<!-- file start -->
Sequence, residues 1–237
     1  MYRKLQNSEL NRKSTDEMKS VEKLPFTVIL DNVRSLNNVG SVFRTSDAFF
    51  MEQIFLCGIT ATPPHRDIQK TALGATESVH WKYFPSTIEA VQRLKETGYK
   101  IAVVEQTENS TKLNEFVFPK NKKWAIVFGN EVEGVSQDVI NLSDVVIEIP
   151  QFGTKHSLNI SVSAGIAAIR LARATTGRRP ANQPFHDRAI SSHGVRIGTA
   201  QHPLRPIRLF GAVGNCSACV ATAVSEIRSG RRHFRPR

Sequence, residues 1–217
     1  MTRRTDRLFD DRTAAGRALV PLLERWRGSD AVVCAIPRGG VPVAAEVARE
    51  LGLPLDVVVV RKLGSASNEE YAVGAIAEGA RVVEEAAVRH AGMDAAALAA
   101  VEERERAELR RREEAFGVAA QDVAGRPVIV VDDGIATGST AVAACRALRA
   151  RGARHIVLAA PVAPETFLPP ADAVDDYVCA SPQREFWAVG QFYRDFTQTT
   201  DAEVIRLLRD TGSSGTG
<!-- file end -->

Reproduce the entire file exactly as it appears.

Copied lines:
Sequence, residues 1–237
     1  MYRKLQNSEL NRKSTDEMKS VEKLPFTVIL DNVRSLNNVG SVFRTSDAFF
    51  MEQIFLCGIT ATPPHRDIQK TALGATESVH WKYFPSTIEA VQRLKETGYK
   101  IAVVEQTENS TKLNEFVFPK NKKWAIVFGN EVEGVSQDVI NLSDVVIEIP
   151  QFGTKHSLNI SVSAGIAAIR LARATTGRRP ANQPFHDRAI SSHGVRIGTA
   201  QHPLRPIRLF GAVGNCSACV ATAVSEIRSG RRHFRPR

Sequence, residues 1–217
     1  MTRRTDRLFD DRTAAGRALV PLLERWRGSD AVVCAIPRGG VPVAAEVARE
    51  LGLPLDVVVV RKLGSASNEE YAVGAIAEGA RVVEEAAVRH AGMDAAALAA
   101  VEERERAELR RREEAFGVAA QDVAGRPVIV VDDGIATGST AVAACRALRA
   151  RGARHIVLAA PVAPETFLPP ADAVDDYVCA SPQREFWAVG QFYRDFTQTT
   201  DAEVIRLLRD TGSSGTG